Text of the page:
February 28, 2022

ransomwareOn February 22, 2022, the Catholic Law community joined together for the second presentation of the 2022 Student Scholars Series, given by third-year law student Mercedes Wilson-Barthes. Wilson-Barthes' work entitled, Ransomware Attacks on City Governments: Past, Present, and Future, examines the increase in ransomware attacks on cities, existing legislation, and recommendations to strengthen the federal response.

Wilson-Barthes first became interested in the topic while living in Baltimore during a ransomware attack on the city. During her research, Wilson-Barthes became particularly interested in the fact that there was very little legal scholarship regarding ransomware attacks on cities. Her comment provides background on ransomware and the history of ransomware attacks, the vulnerability of cities, and a survey of attacks on cities. In particular, her research focuses on Baltimore City—reviewing exiting legislation designed to protect and respond to ransomware attacks on cities and analyzing how the legislation would have protected Baltimore City in a 2019 ransomware attack. Wilson-Barthes also offers recommendations that the federal government could adopt to address the vulnerability of urban ransomware attacks.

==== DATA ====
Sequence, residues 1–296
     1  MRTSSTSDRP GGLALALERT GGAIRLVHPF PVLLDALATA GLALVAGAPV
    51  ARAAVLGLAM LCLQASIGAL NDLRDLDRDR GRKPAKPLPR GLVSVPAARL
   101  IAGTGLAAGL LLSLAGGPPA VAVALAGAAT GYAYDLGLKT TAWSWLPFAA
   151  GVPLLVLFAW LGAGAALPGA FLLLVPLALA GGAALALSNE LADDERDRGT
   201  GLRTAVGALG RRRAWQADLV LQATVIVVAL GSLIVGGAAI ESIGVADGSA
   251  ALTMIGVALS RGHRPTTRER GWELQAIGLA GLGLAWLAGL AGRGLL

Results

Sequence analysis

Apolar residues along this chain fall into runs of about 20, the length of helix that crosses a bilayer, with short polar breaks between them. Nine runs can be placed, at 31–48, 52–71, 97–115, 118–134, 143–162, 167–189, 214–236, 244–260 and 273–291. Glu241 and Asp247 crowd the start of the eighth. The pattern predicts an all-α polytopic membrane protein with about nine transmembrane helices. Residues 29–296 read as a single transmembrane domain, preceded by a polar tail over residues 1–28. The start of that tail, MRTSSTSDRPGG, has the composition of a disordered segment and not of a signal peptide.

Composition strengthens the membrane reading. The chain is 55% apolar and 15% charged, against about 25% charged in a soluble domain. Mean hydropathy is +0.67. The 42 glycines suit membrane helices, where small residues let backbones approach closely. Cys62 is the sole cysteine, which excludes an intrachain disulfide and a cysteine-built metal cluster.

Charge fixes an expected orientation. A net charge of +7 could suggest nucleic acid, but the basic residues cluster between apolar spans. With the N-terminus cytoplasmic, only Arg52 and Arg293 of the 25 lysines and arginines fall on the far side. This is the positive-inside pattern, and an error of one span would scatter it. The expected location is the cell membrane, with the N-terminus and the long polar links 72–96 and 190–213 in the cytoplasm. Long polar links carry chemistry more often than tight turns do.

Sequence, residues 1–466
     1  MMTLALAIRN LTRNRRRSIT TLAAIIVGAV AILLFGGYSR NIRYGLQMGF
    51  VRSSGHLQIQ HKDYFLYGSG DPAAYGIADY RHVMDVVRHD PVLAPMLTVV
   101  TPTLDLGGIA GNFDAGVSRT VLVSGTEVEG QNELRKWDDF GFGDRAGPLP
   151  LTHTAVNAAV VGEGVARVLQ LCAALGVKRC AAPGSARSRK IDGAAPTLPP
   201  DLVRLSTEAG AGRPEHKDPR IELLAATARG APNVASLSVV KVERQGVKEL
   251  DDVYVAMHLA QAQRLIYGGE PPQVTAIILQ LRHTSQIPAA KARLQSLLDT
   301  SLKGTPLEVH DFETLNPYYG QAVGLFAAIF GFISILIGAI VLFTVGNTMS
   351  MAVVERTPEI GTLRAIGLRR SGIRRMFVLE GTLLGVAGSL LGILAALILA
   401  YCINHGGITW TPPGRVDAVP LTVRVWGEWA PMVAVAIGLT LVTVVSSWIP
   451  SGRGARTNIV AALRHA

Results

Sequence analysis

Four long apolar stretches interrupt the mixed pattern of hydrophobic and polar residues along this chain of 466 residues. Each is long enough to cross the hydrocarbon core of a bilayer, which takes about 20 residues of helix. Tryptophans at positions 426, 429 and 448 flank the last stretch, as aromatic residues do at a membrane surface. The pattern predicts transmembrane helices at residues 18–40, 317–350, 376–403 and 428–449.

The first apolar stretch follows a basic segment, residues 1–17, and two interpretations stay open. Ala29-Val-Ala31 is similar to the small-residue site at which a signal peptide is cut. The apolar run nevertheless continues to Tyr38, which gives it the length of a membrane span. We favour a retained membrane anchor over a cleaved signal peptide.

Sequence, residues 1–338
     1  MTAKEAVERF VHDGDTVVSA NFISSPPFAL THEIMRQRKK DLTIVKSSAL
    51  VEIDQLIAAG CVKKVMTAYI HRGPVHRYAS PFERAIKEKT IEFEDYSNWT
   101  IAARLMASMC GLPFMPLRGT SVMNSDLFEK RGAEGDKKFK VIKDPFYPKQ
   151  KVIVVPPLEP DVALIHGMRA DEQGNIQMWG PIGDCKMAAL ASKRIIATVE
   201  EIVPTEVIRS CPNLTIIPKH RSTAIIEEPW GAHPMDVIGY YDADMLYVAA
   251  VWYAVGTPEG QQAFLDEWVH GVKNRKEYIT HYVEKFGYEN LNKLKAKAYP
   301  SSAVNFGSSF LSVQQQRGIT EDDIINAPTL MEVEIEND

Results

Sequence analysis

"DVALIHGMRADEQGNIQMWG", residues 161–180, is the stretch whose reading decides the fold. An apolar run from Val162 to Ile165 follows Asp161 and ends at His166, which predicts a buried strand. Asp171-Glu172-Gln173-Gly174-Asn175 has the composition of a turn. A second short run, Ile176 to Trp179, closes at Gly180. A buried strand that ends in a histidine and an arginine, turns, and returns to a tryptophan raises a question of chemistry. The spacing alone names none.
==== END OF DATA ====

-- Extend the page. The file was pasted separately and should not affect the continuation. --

Presentation respondent, Jovanna Hadley, is Advisory Z Client Architect for IBM. Hadley has always had a passion for IBM Z Systems. Hadley works with her clients to develop their mainframe strategy and help show the Art of the possible, anything from Security to DevOps. Hadley has one patent pending U.S. approval and one granted U.S. Patent, and always looking to submit more. She enjoys learning how things work and how they fit into the bigger picture.

Wilson-Barthes graduated from Kenyon College with a Bachelor of Arts in Political Science and Modern Languages. She has a Master’s Degree in Human Rights Protection from the University of Alcalá in Spain. Before law school, Wilson-Barthes had a career in international development with Lutheran World Relief. Throughout her time at Catholic Law, she interned for the Honorable Zuberi Williams in the District Court of Maryland, the Public Justice Center as a Squire Patton Boggs Public Policy Fellow, the U.S. Agency for International Development (USAID) Office of Inspector General (OIG), and the Government Accountability Office (GAO) Office of General Counsel (OGC). She also served as a Student Attorney in the Immigration and Refugee Advocacy Clinic (IRAC).

The Student Scholars Series was founded in 2009 by Catholic Law Professor A.G. Harmon to recognize notable legal scholarship produced by members of the student body during the academic year and to foster the skills associated with presenting and defending that scholarship in a professional, conference-style setting.

Below is a recording of the February 22 program.